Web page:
We're in the clinic. A psychoanalytical interpretation hits the spot. We might find ourselves wanting to ask: 'What makes it, in virtue of what is it, a correct interpretation?'
Before rushing to answer let's consider, first, how we might take the question.
1. One way of handling the question would be to quickly resolve it into a request for an explication of the being of unconscious thought. 'The patient's psychology is what makes it correct' - so goes the obvious answer. And then we might give an example of, say, Geoffrey's projection of his unconscious guilt into Margery, and elaborate the markers of that - his tetchy heightened need to blame her when he comes near anything which, as we see it, risks revealing to him his own blameworthiness, his mood, his shiftiness, etc. This way of taking the question sees it as a way of asking 'What is it to be labouring under what the interpretation interprets as obtaining?' It doesn't, say, take the raising of the question to be inspired by anything peculiar to the clinical situation of the patient's uptake of the interpretation. For sure, the criteria for unconscious guilt differ from those for conscious guilt, but the form of the question is the same in both cases, and spelling out the general similarities and differences in his or her dispositions etc. will answer the question understood thus.
2. Another way of handling the question reads it as an inquiry into correct psychoanalytical technique. 'What makes it the clinically correct thing for the analyst to say, here, now?' And here we would make reference to matters of timing, the defences not being too high for it to be meaningful to the patient, etc. - Geoffrey can now say 'Oh, God, yes, I can see now just how unfairly I've been treating Margery, and this guilt, yeah, it feels truly dreadful, how can I make it right?'. Perhaps we could even gloss 'correct' as 'that which enables the defence to be withdrawn'.
Such interpretations of the interpretative act are fine as far as they go, and so long as we keep saying what we mean and meaning what we say then we can of course say what we will. But there's a real question, for me at least, of whether they really get to the bafflement and unease that threw up my question for me. Perhaps they've merely temporarily gated the irritation of the real itch by scratching at a different point on the conceptual body.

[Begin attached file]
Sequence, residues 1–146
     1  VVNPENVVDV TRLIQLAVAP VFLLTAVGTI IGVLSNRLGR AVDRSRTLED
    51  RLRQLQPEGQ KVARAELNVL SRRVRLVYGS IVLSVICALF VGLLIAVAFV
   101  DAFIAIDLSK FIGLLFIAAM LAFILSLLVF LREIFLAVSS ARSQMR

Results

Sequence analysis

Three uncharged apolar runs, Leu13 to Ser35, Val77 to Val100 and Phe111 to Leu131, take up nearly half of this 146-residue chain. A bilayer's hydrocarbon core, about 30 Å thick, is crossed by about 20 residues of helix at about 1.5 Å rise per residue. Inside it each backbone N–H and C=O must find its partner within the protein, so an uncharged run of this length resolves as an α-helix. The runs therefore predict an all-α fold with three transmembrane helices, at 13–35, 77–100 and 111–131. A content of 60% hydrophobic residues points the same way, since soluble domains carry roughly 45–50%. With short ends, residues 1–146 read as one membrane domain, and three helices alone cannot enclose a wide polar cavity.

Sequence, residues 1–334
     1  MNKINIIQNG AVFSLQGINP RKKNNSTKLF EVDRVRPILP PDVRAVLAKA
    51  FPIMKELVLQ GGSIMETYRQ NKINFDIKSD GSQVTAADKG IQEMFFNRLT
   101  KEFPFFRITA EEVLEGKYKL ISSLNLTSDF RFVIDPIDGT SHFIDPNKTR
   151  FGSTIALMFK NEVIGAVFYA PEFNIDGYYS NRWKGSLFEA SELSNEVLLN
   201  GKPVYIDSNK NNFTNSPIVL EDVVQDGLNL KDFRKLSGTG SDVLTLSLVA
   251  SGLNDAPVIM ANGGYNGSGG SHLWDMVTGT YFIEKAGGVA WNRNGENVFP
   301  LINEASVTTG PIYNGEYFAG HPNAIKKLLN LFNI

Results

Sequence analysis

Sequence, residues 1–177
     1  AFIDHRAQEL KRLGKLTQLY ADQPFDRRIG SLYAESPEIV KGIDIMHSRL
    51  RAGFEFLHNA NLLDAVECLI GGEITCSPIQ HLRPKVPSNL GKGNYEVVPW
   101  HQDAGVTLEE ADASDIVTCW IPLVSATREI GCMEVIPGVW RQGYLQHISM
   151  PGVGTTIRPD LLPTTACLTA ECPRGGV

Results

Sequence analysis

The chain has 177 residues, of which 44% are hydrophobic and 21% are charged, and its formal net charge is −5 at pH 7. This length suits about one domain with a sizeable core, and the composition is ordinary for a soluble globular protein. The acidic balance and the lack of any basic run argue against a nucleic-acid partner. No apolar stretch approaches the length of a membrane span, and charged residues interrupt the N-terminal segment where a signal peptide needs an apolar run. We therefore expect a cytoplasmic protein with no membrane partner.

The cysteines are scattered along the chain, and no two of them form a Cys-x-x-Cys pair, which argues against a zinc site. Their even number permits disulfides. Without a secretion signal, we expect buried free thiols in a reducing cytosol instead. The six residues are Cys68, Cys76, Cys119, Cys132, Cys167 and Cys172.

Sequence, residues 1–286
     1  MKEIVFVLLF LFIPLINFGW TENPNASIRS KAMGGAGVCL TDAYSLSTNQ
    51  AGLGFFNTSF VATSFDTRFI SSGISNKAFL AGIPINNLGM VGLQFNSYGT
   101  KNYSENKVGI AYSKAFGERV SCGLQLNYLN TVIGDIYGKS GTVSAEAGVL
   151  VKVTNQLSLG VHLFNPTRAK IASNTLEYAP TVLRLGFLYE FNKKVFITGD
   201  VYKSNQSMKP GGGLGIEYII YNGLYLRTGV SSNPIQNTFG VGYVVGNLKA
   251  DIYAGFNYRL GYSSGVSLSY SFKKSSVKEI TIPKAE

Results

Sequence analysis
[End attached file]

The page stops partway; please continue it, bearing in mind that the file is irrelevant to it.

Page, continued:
3. At any rate, here is a different juncture where I am inclined to ask the original question. (But what do you think? Was this your predicament?) So, I am imagining an analyst making an interpretation to the patient, and the patient taking it up to avow his own feelings, or not. And I start to worry about how I can distinguish between the patient inauthentically receiving a mere suggestion and his now authentically avowing his inner experience.
One way forward I should now like to offer proceeds by first stepping back and reminding us of something about avowal. Avowal of one's feelings is not itself an act which it makes much sense to describe as correct or incorrect. Geoffrey's avowal of his guilty feelings is not the expression of his judgement that he has feelings of guilt. He is, if he truly is avowing, speaking from his guilty feeling itself. He is not, that is to say, avowing a belief that he has guilty feelings, but instead, now, avowing his guilty feeling itself. The avowal ('I feel guilty') can (unlike a mere animal expression) accordingly (when it truly is an avowal of what it voices) be true or (if someone is lying or in denial) false, but is not helpfully described as correct or incorrect. (A fortiori there are no criteria of correctness for avowals.) (Acknowledgement of one's guilt itself is, however, at least often equivalent to avowing a belief that one is guilty.)
One way we could understand the analyst's interpretation is as the offering of a possible avowal to and for the patient. Seemingly aware of the instantiation here of the criteria for unconscious guilt, the analyst offers Geoffrey an opportunity of criterionless avowal, a chance at ownership. Nothing makes Geoffrey's avowal correct - for it neither is nor isn't. And what is it that makes the analyst's interpretation correct? Well, here, we can say various different things - we said some of them above already remember? - but - as it seems to me - what these would all do would be to tacitly - and perfectly respectably - specify what 'correctness' would actually amount to here.
Now we could also say 'It is Geoffrey's avowal (of his feeling of guilt) that makes the analyst's interpretation (about his guilty feeling) correct'. Wittgenstein wanted to say something like that. I think we can see what is being got at here, and not need to disagree with it, nor disagree with the idea that it is an apt answer to the question, whilst yet insisting that it only really works by stipulating one thing that 'correct' could amount to in this context.
4. However at this point my original bafflement and unease still rears its head. Sure, Geoffrey may take up the analyst's interpretation and use it now in avowal, but is he correct to do so? And what if he doesn't do so - must the analyst's interpretation now be seen as necessarily incorrect? On the one hand, I want to say, we don't want the correctness of the analyst's interpretation to be left hanging on Geoffrey's say-so. On the other there is a kind of infallibility which we don't do well to offer to the patient especially in such situations.
I think we can answer these concerns though, and show how Wittgenstein's suggestion can be taken up. This works through uncoupling the idea of a conceptual relation between analyst's correctness and patient's avowal from an epistemic idea about how can we tell that a voicing of what was previously unconscious really obtains. The point cannot be that whatever the patient offers by way of an avowal constitutes the truth of what is avowed. For we may not yet be 'in touch with' the feeling in question, or we might be offering a hysterical narrative about our feelings rather than really voicing our feelings themselves. The point is just that when someone is now speaking from his thoughts and feelings, and has taken up his analyst's interpretation to do so, then there is no further question of the correctness of the interpretation.